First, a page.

This is an update of a Cochrane Review first published in The Cochrane Library in Issue 3, 2005 and previously updated in 2009.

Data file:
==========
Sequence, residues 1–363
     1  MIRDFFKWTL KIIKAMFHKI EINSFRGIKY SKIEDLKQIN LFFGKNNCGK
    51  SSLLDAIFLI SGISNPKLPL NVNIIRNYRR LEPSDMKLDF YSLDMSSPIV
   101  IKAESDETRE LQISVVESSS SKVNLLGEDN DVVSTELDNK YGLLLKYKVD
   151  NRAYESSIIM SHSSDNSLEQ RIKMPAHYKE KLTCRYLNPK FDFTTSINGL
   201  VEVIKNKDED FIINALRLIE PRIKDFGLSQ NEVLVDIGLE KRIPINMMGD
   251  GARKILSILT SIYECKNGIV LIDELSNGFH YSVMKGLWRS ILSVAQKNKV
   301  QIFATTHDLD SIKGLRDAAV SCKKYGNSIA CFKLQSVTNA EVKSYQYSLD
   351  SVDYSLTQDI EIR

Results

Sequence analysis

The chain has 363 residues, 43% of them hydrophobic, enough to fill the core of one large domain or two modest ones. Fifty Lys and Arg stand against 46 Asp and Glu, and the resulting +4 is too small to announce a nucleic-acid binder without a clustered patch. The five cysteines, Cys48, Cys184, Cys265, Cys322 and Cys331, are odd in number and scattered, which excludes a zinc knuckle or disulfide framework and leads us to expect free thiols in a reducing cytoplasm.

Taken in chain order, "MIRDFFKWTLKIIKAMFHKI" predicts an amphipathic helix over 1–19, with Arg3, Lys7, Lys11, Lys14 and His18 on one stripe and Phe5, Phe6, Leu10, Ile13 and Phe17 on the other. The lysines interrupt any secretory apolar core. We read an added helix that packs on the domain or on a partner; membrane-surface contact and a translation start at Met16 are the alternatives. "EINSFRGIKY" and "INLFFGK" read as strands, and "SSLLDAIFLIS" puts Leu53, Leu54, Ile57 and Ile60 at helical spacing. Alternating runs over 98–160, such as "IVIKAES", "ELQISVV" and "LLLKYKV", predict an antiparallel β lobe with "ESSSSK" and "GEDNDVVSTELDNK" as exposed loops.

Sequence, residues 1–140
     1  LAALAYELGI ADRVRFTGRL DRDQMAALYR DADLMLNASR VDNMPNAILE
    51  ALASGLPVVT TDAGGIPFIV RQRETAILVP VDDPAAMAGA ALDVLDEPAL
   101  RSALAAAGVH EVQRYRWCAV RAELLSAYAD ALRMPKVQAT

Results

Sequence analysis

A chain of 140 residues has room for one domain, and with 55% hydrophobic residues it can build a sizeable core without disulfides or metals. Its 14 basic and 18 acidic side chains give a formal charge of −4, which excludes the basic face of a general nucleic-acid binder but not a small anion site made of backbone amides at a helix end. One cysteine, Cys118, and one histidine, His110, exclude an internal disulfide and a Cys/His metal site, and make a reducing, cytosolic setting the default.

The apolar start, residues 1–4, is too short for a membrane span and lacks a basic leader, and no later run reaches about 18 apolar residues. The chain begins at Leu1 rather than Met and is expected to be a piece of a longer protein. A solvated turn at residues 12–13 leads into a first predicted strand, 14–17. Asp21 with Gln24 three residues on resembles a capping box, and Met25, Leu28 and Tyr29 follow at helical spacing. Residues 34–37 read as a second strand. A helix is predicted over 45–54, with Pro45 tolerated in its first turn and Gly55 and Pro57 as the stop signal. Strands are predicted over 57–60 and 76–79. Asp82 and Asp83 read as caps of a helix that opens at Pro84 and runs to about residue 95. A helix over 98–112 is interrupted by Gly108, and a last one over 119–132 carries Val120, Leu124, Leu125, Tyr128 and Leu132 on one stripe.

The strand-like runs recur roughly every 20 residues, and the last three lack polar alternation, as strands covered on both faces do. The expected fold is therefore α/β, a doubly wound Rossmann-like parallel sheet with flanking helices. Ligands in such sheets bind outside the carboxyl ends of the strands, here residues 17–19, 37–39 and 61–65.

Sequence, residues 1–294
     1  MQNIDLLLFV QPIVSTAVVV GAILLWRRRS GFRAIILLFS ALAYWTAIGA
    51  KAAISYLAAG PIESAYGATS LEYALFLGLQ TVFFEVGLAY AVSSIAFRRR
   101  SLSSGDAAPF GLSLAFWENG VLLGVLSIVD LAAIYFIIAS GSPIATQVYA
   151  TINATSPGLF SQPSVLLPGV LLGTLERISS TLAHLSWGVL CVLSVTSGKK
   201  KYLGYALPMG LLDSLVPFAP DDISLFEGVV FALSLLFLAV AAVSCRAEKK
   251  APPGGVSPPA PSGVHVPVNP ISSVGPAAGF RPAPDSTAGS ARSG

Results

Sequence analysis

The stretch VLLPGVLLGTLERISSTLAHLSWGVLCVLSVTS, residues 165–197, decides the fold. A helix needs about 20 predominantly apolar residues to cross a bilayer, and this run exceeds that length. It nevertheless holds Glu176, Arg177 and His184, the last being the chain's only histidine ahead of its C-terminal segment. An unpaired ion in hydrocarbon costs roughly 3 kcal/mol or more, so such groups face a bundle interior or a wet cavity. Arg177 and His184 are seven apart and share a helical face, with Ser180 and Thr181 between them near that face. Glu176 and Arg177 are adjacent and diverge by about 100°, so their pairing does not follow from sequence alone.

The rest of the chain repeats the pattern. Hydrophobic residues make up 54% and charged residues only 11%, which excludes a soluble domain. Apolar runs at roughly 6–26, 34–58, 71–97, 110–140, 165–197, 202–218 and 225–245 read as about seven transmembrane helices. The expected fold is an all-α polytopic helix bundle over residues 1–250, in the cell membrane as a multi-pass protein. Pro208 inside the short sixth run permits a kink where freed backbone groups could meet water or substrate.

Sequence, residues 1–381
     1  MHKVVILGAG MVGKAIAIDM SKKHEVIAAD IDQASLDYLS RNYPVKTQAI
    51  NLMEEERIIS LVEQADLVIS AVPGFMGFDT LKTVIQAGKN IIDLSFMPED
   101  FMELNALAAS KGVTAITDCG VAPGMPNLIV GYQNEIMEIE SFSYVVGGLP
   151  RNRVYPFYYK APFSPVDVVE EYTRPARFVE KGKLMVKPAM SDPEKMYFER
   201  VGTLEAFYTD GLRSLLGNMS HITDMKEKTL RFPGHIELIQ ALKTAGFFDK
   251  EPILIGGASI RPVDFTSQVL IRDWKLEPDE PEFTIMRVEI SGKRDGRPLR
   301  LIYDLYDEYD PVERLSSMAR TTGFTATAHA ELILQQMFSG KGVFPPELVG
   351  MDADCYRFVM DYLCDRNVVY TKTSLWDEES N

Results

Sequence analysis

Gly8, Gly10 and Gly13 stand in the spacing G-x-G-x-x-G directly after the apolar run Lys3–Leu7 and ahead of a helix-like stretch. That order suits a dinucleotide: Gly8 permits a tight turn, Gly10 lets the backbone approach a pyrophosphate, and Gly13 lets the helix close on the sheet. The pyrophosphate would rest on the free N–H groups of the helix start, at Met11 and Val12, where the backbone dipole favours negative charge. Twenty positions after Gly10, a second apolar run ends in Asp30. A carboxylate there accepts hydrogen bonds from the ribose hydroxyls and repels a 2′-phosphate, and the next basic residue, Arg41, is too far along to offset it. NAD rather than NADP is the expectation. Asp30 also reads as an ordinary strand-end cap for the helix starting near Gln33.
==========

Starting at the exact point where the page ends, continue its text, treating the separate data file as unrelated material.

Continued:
A pharyngeal pouch is an out-pouching or pocket that develops from the posterior wall of the pharynx just above the entrance to the oesophagus (gullet). Pouches may give rise to difficulty in swallowing, sensation of a lump in the throat or of food sticking in the throat and may lead to troublesome regurgitation of food. Food may enter the pouch rather than passing down the oesophagus and this and regurgitation may result in weight loss, hoarseness of voice and/or recurrent chest infections. The management of patients with a pharyngeal pouch may be either conservative or surgical. Surgical management can be further divided into two broad categories: endoscopic and open procedures. In the first half of the 20th century an open surgical approach to the pouch was most frequently used and remains common in some parts of the world. In recent decades endoscopic procedures (where the approach is made through the mouth) have become popular. The superiority of one approach over another has yet to be clearly demonstrated.